Beginning in March, a new law in the UK will force Internet Service Providers to store information on all emails sent and received for a minimum of 12 months. The official reason given for this new measure, which is part of a European Commission directive, is to assist in the fight against crime and terrorism.
In recent days several critics, including the Association of Internet Service Providers, have spoken out against this intended measure, casting doubts on its effectiveness as well as questioning the ethics behind the law.
Approximately three billion emails are sent daily in the UK, spam included. Although the current government does not intend to store the content of the emails themselves, the connection data will be archived in a database. This database in turn will be made accessible to over 500 different offices and bodies, ranging from law enforcement to local government and health authorities, who make a “lawful” request to access the data.
The government is considering spending between £25m and £70m on financial assistance to the Internet Service Providers who will be responsible for setting up the initial system. Currently, there are no specific details in regards to how the systems will be regulated, who will guarantee its integrity, or what information will be accessed and more importantly, by whom.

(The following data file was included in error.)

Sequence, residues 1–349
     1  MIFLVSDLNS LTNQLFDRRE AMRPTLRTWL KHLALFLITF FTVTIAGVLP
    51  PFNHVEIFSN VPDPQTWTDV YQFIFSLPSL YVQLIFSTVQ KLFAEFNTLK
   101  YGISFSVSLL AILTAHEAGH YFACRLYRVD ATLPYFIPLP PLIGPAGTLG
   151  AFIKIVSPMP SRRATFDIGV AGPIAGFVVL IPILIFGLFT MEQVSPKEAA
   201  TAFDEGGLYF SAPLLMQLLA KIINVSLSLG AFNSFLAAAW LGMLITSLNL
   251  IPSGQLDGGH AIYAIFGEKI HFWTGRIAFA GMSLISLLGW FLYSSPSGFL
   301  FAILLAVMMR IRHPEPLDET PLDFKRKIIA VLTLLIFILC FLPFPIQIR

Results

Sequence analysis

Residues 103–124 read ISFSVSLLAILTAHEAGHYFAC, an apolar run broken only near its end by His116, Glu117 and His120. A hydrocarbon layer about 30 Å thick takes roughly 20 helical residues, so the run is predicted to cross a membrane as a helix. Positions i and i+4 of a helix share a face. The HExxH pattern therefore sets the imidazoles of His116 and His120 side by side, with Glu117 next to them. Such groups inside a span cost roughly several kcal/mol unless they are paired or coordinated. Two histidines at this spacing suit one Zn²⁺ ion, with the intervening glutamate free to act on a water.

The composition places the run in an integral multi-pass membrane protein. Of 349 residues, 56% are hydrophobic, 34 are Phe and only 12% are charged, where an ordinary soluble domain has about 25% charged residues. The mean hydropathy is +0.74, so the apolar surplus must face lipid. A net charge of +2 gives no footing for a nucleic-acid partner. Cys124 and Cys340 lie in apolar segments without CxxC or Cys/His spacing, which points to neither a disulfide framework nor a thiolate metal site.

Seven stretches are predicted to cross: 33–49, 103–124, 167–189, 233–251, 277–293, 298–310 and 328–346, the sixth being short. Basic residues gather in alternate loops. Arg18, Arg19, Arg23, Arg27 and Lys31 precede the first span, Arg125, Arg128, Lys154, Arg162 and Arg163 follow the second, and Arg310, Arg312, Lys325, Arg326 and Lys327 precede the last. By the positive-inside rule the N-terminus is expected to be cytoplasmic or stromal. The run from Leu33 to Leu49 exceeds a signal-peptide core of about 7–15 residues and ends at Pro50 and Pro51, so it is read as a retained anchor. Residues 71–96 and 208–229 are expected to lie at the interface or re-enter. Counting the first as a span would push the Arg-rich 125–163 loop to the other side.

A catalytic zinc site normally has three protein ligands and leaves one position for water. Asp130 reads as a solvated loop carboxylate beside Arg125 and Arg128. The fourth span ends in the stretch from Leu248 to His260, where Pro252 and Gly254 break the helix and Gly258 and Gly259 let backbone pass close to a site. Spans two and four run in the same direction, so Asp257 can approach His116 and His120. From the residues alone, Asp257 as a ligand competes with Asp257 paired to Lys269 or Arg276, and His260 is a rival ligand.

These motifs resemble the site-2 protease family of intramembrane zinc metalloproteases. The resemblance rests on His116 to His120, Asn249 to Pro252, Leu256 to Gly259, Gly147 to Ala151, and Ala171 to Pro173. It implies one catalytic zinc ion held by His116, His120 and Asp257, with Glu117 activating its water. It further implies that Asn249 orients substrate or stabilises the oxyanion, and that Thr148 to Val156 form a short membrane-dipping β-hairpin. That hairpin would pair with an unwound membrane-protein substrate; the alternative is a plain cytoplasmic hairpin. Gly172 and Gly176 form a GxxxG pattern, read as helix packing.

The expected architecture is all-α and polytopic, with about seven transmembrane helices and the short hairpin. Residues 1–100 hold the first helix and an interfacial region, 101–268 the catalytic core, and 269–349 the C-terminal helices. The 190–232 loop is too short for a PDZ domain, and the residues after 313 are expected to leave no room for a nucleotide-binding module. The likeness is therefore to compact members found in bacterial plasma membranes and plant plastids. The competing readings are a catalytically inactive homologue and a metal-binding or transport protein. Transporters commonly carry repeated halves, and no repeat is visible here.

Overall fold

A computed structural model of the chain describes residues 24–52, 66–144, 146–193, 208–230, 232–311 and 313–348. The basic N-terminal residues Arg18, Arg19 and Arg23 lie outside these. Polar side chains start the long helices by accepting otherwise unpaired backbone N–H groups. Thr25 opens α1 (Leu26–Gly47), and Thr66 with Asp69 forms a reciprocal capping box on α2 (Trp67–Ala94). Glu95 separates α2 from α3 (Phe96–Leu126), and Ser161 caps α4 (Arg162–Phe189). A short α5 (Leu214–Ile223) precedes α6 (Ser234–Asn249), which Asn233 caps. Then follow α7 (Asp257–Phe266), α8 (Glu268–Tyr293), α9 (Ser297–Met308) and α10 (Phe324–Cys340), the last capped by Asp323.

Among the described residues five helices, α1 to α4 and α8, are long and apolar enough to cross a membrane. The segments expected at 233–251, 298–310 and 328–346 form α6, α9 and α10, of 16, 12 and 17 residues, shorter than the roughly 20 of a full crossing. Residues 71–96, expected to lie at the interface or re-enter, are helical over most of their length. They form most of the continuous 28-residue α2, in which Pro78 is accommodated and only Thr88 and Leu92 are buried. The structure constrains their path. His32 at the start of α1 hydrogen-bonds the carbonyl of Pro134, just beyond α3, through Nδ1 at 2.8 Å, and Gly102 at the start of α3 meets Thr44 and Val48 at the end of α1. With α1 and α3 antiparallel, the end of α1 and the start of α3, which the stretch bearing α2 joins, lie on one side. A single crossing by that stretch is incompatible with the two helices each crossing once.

History has seen many societies take the path of increasing surveillance at the expense of civil liberties, none of which have worked out terribly well. I believe that this has the potential to result in a society which spies on its own citizens, who, per divination, are all guilty of crimes which they have not yet been proven to be involved in.
Return Path is all for sharing information between ISPs and supports those trying to stem the tide of incoming spam. Approximately 80-90% of all email sent today is spam. However, it is unclear how much of a technical and financial burden this will place on ISPS – at the very least 12 months of data seems unnecessarily onerous. The component of this new law that is promising is allowing ISPs to freely share IP and connection data – information that is generally not considered to invade personal privacy in the majority of the world. It would seem that this opens the door for allowing UK ISPs to participate in feedback loops and other information sharing requests to help fight spam without violating an individual’s right to privacy.